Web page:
Today, space could scarcely be less important. The desk has been replaced by the desktop, which now merely describes a metaphoric space within our laptops; paper is a hindrance, and with hard drives even a virtual trash can; my wallpaper changes weekly and each shift is like an office makeover. The professional set-up has been collapsed into a single small, portable device bounded only by preference. Technology no longer needs to be accommodated. Now, it is waiting on us. As convenience reigns supreme, the onus to work (to work in order that work might get done, rather) falls on us.

We are the moody, faulty, imperfect technology. That’s not to say that laptops don’t break, or that writer’s block didn’t exist in 1974. Garrets could be chilly like a motherfucker.  Yet optimization and consolidation have both resolved many of snares that arose from the typewriter, the rotary phone, and the desk stuck in where it fit.  Today, we are the problem, losing this particular space race against ourselves. It’s the burden of convenience, reflected back as responsibility. Instead of “where will you put that shit and how will your back hold up and is it kind of quiet,” we’re left with the wholly ambiguous “work habits”—sometimes, a window out into the realm of self-improvement and personal organization. The home office has become an ambient state, devoted wholly to making our damn brains work a little harder.

"I work at home" has shifted miraculously over the last decade—which, incidentally, ropes in my entire post-college life. It’s been a sign of changing times; a viable, common sense alternative; an unthinkable luxury; and a euphemism for unemployment. In that, it’s a lot like my line of work, which is hard to spit out in conversation whether you go with "writing" or "writer". "Writing" is dangerously close to "warriors of content", or a wholly unprofessional state of Being. Shouting "writer" without any context sounds like I’ve been revising a historical novel about my great-uncle’s flight from a Cossack bandit gang in the latter part of the Crimean war, complete with an appendix explaining several varieties of cannon.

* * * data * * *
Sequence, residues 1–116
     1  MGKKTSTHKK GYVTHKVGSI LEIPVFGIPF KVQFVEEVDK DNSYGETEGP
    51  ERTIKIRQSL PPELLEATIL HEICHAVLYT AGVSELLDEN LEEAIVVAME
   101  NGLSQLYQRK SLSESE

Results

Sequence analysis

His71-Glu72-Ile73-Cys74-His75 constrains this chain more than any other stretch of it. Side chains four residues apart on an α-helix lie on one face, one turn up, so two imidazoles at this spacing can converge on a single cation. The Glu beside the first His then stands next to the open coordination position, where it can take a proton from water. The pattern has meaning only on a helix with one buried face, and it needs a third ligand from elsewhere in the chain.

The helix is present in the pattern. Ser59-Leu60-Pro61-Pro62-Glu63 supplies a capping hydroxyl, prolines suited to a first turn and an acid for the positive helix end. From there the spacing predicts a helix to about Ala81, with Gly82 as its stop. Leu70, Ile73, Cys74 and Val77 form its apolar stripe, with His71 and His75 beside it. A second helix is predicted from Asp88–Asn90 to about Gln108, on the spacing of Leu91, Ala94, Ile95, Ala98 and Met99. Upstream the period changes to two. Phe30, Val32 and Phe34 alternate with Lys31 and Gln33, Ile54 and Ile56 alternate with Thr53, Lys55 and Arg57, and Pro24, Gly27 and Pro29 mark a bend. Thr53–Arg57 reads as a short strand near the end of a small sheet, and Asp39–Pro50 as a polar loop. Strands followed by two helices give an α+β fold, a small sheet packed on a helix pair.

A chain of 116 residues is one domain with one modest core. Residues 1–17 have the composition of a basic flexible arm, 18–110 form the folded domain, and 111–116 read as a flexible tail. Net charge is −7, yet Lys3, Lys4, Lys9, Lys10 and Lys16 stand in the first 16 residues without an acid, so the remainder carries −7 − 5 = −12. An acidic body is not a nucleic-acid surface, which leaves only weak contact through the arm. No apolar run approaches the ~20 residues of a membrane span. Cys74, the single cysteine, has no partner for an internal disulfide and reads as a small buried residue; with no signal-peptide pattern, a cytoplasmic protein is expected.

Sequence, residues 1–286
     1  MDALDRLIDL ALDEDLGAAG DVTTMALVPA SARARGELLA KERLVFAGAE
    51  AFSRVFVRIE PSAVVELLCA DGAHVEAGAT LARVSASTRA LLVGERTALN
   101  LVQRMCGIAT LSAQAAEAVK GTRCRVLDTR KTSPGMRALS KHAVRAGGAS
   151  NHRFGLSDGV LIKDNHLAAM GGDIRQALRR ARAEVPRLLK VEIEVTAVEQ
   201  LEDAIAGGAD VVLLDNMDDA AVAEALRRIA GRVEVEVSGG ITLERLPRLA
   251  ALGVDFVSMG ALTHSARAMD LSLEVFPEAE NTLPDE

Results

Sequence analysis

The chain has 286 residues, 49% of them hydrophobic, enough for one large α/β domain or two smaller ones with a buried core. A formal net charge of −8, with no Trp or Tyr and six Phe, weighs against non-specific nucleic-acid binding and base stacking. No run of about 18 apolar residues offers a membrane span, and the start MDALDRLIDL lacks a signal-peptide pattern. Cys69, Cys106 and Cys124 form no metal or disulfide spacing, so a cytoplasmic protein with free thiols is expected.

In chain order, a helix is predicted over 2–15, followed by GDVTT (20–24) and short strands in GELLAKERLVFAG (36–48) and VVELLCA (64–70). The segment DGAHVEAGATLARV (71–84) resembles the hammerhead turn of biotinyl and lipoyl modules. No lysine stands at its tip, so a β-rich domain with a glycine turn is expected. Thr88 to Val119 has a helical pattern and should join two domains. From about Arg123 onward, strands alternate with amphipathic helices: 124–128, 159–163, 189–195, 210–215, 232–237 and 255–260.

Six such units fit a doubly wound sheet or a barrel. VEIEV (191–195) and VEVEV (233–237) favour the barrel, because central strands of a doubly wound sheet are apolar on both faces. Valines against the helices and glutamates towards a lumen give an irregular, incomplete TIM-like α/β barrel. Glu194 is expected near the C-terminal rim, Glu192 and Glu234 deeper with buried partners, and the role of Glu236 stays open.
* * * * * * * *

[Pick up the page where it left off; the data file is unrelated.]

Some swear by silence, yet that raises a basic problem: if silence is context, then really, the mind is left alone with itself. This allows for bouts of intense concentration, but can also lend itself to self-involvement, worry, delusion, and all those other aberrant states that creep up when you’re trying to go to sleep. There needs to be an anchor, a feeling that work is real and you are real and so is everything around. The at-home worker is abstracted enough; what he needs is more distraction and imposition, not less. Otherwise he just might float away, never to return.

Talk radio offers the illusion of companionship; a simulated peer group; and maybe even some odds and ends that will find their way into a project. Yet the yappin’ of others has an expiration date, and within months, or days, this forced excavation of information and empathy is little more than white noise. Movies and records present an especially appealing option: What if working at home could be part-task, part-recreation? The problem there is obvious: multi-tasking really involves letting one’s attention flit back and forth. Crucial scenes zip by unnoticed, and that emotional sweep of music, dulled. When I first learned how to drive, I was shocked at how quickly my favorite albums were reduced to mush by repeated listenings. It takes a certain kind of record built for the road.

And that easy, formulaic movie? The movies, however small the screen, are escapism’s clarion call. You will be knocked off course and sucked in. Even the worst movies are not, at the moment, disposable.

The answer, for me at least, is trash television. Police procedurals, with their spring-loaded narratives, are a coach, not a temptress. The History Channel’s many great offerings on the subject of aliens, the Crusades, and future pestilence offer up examples of empty, but frantic, brain activity. No one wants to ride the train alone, but at the same time, without the worst kind of company, you might never find your way off.